the front of your vehicle hits
something. They aren’t designed to inflate
at all in
rollover, rear, side or low-speed frontal crashes.
Everyone in your vehicje, including
the driver,
should wear a safety belt properly whether or
not there’san air bag for thatperson.
--
To unlatch the belt, just push the button on the buckle.
The belt shouldgo back outof the way.
Before you close thedoor, be sure the belt is out
of the
way. If you slam the door onit, you can damage both the
belt and your vehicle.
--
1-17
A C”
There is an airbag readiness
light on the instrument
panel, which shows
AIR BAG or the
air bag symbol.
I:
Air bags inflate with great force, faster than the
blink of an eye. If you’re too close to an inflating
air bag, it could seriously injure you. Safety belts
help keep you in position for an airbag inflation
in a crash. Always wear your safety belt, even
with an airbag. The driver should sit asfar back
as possible whilestill maintaining control of
the vehicle.
An inflating air bag can seriously injure small
children. Always secure children properly in your
vehicle. To read how, see the part of this manual
called “Children” and the caution label on the
right frontpassenger’s safety belt.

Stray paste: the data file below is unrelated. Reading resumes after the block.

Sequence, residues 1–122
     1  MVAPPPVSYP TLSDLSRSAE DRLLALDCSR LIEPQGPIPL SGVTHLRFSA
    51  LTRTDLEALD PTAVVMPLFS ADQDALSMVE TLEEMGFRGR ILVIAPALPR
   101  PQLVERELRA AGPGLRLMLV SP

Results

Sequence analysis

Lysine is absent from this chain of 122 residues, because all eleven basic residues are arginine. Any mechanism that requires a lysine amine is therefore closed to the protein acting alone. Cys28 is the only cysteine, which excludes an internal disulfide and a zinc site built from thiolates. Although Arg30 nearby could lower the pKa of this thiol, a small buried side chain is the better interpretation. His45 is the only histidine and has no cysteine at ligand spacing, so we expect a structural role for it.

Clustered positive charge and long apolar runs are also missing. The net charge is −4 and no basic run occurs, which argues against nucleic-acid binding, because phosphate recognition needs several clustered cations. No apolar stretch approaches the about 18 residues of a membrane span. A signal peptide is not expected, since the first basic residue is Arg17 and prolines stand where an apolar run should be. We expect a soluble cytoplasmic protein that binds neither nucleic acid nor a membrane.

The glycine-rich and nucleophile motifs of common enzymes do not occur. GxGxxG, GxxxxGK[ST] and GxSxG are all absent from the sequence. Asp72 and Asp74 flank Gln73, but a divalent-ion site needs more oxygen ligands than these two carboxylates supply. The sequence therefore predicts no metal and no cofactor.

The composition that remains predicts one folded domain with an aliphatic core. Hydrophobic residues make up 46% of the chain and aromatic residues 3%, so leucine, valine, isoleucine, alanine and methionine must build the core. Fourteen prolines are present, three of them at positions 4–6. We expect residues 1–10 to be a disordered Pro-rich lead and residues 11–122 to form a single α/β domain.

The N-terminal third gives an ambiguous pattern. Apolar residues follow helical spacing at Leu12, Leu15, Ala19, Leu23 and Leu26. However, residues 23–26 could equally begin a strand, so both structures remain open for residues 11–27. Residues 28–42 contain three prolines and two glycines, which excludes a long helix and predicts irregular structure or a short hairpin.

AIR BAG
~~~~~~~
~
~
~
~
The system checks the air bag’s electrical system for
malfunctions. The light tells you if there is an electrical
problem. See “Air Bag Readiness Light’’ in the Index
for more information.
How the Air Bag System Works
:nt
The right front passenger’s air bag
is in the instrume
panel on the passenger’s side.
Where is the air bag?
The driver’s air bag is in the middle of the steering wheel.
1-19
Don’t put anythingon, or attach anything to,
the steering wheelor instrument panel. Also,
don’t put anything (suchas pets or objects)
between any occupant and the steering wheel or
instrument panel. If somethingis between an
occupant and anair bag, it could affect the
performance of the air bag or worse, it could
cause injury.
--
it can be somewhat above or below this range. If your
vehicle strikes something that will move or deform, such
as a parked car, the threshold level will be higher. The
air bag is not designed to inflate in rollovers, side
impacts or rear impacts, because inflation would not
help the occupant.
In any particular crash, no one can say whether an air
bag should have inflated simply because of the damage